By Ken Bradbury
It wasn’t my idea. My friends talked me into it. I had no real desire to travel to St. Louis to see a currently popular country singer in concert, but I figured it wouldn’t hurt me. The ticket was way too expensive, but someone else was driving so I told them I’d hop in and go along. How do I say this politely? I guess I can’t. I really didn’t enjoy myself at all.
A few weeks ago, our local PBS station replayed a concert by The Highwaymen … Willie Nelson, Johnny Cash, Waylon Jennings and Kris Kristofferson. Okay, I’m terribly old fashioned, but man, what a joy … what a thrill to see this supergroup in action once again, despite the fact that two of them don’t perform much anymore. Death will do that to you. There they were, just four guys on stage with a band behind them … icons … heroes of American music. No fog machines, no laser lights, no Jumbotron … in fact, no fancy lighting at all. At several points during the concert, the follow spotlights missed their mark and left Willie or Waylon in the dark for a second or two, and there was no distracting video playing on the screen behind the band. Just four guys holding the stage in their own magnificent way. At one point Waylon playfully reached over and grabbed the neck of Willie’s guitar as the longhaired boy from Abbott, Texas, wondered why no sound was coming out. Kristofferson often quit playing and simply looked at his three heroes on the stage. After Jennings and Cash died, he said, “Man, I used to clean those guys’ ashtrays and there I was onstage with them.” It was a magical concert.
And then there was St. Louis. The tickets were the cost of a car payment, the volume was turned up to a volume that surely made the famous arch quake, the light show was an absolute distraction to the music, at times the artificial fog completely obliterated the sight of the guy singing his songs, and my Pepsi cost me five dollars. I only had one wish … to get on the road again.
I know that it makes me sound like the fuddiest of fuddy-duddies, but dog-gone it, I go to a concert to hear the music. Period. Your light show doesn’t reflect your talent, simply the amount of money you spent to hire the tech crew. And whether it’s Busch Stadium, the Arenzville Burgoo or a concert on the Jacksonville square, does ear-piercing volume really make you better?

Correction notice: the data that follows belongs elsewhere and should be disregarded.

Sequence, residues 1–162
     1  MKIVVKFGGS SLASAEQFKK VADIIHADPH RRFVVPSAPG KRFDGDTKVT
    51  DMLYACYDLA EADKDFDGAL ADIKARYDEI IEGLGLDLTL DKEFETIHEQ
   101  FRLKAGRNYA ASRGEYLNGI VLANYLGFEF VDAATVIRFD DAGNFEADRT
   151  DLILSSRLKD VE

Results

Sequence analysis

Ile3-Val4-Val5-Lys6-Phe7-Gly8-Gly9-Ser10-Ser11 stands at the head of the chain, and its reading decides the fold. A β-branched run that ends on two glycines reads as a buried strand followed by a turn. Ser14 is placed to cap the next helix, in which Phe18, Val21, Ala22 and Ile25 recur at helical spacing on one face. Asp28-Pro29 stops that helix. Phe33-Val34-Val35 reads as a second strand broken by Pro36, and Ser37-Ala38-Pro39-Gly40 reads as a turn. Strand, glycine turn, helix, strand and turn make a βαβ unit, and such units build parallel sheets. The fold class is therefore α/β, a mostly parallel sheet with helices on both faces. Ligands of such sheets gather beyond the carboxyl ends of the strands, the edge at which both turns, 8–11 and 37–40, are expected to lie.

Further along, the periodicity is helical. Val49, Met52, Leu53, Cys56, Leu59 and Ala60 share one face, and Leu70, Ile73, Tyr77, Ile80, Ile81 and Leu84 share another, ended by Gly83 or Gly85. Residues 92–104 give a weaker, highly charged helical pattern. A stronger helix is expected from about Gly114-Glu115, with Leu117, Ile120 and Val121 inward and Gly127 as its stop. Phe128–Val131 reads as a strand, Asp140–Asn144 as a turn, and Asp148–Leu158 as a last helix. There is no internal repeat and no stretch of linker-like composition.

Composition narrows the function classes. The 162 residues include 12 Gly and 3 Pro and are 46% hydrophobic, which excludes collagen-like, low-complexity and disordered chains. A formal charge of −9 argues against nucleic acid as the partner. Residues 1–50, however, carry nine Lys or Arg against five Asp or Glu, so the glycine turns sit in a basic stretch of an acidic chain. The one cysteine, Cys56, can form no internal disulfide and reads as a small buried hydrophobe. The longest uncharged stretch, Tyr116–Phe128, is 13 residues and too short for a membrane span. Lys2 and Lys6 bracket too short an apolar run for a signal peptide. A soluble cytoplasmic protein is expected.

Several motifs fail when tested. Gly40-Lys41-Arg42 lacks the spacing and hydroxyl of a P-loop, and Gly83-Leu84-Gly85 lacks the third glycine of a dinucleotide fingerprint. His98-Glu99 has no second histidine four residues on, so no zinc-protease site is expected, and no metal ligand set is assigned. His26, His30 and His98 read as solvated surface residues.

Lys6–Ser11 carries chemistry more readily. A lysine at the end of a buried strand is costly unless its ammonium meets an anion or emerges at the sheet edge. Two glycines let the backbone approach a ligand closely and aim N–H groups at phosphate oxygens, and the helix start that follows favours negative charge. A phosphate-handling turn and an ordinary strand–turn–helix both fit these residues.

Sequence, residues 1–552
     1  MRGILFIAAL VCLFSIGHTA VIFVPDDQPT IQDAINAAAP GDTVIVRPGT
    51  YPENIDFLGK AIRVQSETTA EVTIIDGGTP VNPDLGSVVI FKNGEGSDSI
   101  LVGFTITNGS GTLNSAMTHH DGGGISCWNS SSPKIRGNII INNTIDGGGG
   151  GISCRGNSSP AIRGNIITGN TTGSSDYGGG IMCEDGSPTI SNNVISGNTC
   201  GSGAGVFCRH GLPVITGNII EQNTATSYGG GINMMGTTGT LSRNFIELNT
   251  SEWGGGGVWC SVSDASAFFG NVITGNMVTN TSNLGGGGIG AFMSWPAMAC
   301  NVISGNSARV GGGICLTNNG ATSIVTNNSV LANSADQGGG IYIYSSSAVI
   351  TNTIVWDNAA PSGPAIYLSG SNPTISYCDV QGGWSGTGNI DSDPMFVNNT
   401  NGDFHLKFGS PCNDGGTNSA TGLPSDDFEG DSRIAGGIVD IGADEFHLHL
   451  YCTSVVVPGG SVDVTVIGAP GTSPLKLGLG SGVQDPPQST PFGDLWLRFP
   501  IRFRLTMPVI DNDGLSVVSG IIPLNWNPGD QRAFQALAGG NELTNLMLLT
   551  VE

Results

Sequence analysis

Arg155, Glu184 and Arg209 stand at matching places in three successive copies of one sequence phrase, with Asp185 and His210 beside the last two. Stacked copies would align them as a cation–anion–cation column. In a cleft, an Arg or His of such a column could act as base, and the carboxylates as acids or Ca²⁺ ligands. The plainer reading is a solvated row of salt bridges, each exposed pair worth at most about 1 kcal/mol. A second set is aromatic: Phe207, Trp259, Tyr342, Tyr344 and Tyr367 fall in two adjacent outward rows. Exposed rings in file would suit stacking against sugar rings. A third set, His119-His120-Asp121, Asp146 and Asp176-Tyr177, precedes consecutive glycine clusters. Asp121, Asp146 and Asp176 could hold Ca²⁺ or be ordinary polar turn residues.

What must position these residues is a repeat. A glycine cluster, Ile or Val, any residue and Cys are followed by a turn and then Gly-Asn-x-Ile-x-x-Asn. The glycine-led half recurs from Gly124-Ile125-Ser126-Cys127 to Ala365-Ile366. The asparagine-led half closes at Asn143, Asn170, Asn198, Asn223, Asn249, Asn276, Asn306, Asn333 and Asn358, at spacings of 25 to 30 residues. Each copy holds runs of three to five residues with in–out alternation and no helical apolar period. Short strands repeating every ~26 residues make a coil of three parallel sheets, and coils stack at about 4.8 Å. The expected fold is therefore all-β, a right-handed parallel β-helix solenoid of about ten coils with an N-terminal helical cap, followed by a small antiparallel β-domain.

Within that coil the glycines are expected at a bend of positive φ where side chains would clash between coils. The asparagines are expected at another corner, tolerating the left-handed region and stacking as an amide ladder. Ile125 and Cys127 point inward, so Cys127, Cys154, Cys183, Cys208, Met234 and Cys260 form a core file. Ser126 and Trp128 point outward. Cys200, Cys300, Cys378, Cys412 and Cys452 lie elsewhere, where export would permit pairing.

I can remember years ago going to the old Busch Stadium and hearing a pretty well-known group in concert. They were from England and called themselves The Beatles. (I totally impressed the girl I took with me.) Even above the screaming, I could hear every word without being blown into the outfield. Then there was the enchanted night when Johnny Cash came to the Illinois State Fair. I don’t remember a thing he sang that night, but the sight of his huge shadow coming up the steps when the lights had dimmed was just short of magical. One man, one spotlight, one huge talent … the same thing when Willie Nelson came to the state fair. All the talent is behind the microphone, not in the sound booth or lighting controls.
Sociologists say that when the world gets too confusing we tend to regress to the simpler times, thinking back on and wishing for things as they once were, times when life was more clear and understandable. And of course, it’s a generational thing, as well. When you’re 12 years old and you’ve had your thumbs on a video game all day where whole worlds explode and things blow up every ten seconds, I suppose you’d like your concert to detonate, as well. Can a thing really be worthwhile unless it’s blown to pieces, whether it’s a guitar amplifier or your eardrums?
I’ve spoken of this before, but I remember a night at New Salem’s Theatre in the Park when a lady folksinger from Jacksonville held the huge stage with nothing more than a guitar and her voice. At one point she stopped in the middle of her song and said, “I’m sorry, folks, but there’s a better show going on above our heads than the one I’m doing,” and she asked that all the lights be turned off. When the boy on the lights pulled the switch, we all looked skyward and were treated to a floating blanket of stars that took the breath of even the curmudgeons among us. “Now that,” she said, “is a concert.” God’s light show was more spectacular than any Broadway tech show could equal, and we sat in silence as He played out His beautiful symphony in the heavens.
I think I’ll not return to the St. Louis venue. It’s so much more satisfying and economical to simply go outside on a summer evening and simply look to the sky.